Mingyur Rinpoche

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The VIIth Mingyur Dorje Rinpoche was born in Nubri, Nepal in 1976, the son of Sonam Chodron a descendent of King Trison Deutsen, and Urgyen Tulku Rinpoche of  Chogyur Lingpa's lineage.  He is considered an incarnation of 17th-century terton Yongey Mingyur Dorje, foretold by Guru Rinpoche.  Mingyur Dorje was recognized by the 16th Gyalwa Karmapa.  Dilgo Khyentse confirmed that he was also an emanation of Kangyur Rinpoche, a renowned Nyingmapa. 

While still a young child, he would go off to the caves saying he intended to meditate there.  This motivation resulted in his completing his first three-year retreat at age seventeen.  He was officially enthroned by the 12th Tai Situ Rinpoche and has received transmissions and Mahamudra teachings from him, as well as from Lama Tashi Dorje, Adi Rinpoche and Saljay Rinpoche.  He was instructed in Dzogchen by his father, Tulku Urgyen Rinpoche, and by the Nyolshul Khenpo.  From Khenchen Thrangu Rinpoche, he received the Kagyu Dam Ngak Dzo transmission.  His foundation in philosophy was at the Dzongsar shedra as well as at Sherab Ling.  

Mingyur Rinpoche is a principle representative of His Eminence Tai Situ, whose seat of Palpung Sherab Ling in India is where he is the current retreat master (replacing the late Saljay Rinpoche.)  He has already had the opportunity of blessing his own monastic seat in Tibet, and will soon head Tergar Monastery, under construction in Bodhgaya, India.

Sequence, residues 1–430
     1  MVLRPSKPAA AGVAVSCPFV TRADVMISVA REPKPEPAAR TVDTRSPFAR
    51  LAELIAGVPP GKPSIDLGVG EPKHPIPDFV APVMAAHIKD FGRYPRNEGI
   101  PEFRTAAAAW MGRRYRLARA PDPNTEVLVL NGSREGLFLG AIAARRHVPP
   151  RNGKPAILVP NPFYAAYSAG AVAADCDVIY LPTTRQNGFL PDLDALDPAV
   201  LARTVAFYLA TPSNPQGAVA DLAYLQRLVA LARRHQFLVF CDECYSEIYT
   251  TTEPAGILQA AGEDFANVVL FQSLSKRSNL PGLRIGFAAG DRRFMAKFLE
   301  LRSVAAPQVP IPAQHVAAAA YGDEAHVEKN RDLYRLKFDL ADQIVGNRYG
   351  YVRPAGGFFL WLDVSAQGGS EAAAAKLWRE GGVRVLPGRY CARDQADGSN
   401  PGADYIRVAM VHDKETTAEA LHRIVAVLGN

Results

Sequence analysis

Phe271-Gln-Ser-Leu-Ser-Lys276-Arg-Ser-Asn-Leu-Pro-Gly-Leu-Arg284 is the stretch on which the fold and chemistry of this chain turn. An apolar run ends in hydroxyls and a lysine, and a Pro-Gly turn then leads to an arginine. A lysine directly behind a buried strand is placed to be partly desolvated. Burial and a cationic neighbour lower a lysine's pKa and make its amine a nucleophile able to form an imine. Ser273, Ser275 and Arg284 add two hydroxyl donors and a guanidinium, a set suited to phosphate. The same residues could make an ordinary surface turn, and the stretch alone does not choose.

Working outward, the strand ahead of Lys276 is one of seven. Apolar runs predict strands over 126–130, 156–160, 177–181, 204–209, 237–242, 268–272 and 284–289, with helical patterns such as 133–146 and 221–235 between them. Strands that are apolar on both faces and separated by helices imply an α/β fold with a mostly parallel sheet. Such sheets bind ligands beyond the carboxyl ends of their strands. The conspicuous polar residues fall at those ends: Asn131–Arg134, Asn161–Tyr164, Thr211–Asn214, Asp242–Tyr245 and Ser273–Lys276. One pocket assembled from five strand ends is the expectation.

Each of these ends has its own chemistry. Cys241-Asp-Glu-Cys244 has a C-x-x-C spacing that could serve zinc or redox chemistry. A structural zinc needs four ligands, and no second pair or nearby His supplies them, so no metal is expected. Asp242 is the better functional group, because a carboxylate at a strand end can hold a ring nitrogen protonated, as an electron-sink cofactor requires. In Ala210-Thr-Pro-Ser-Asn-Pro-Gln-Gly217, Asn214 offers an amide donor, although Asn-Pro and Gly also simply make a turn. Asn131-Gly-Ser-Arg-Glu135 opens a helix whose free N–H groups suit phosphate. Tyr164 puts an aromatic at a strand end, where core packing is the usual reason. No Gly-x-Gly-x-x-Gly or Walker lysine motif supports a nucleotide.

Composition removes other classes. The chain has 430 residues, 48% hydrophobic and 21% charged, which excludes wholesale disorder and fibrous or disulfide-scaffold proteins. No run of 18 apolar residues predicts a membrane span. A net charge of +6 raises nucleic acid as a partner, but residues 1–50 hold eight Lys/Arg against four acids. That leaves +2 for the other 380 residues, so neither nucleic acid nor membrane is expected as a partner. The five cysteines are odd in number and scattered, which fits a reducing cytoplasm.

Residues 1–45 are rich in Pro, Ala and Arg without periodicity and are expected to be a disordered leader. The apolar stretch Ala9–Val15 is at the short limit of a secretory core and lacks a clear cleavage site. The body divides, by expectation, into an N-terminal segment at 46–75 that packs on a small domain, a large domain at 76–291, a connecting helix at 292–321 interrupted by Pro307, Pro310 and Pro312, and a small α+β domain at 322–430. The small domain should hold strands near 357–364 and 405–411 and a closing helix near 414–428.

June 2011

Excerpt from a letter written by Rinpoche before his retreat
( http://tergar.org/resources/2011-6-letter-from-rinpoche.shtml )

 In my early years, I trained in a number of different ways. The time I spent with my father involved rigorous meditation training, but I was not in strict retreat, in the sense that I met other people and could come and go freely. My three-year retreat at Sherab Ling Monastery, on the other hand, was held in complete isolation. A small group of us lived in an enclosed compound and didn't have any contact with the outside world until the retreat ended. These are two forms of practice, but they are not the only ways. As demonstrated by the great yogi Milarepa, there is also a tradition of wandering from place to place, staying in remote caves and sacred sites with no plans or fixed agenda, just an unswerving commitment to the path of awakening. This is the type of retreat that I will be practicing over the coming years.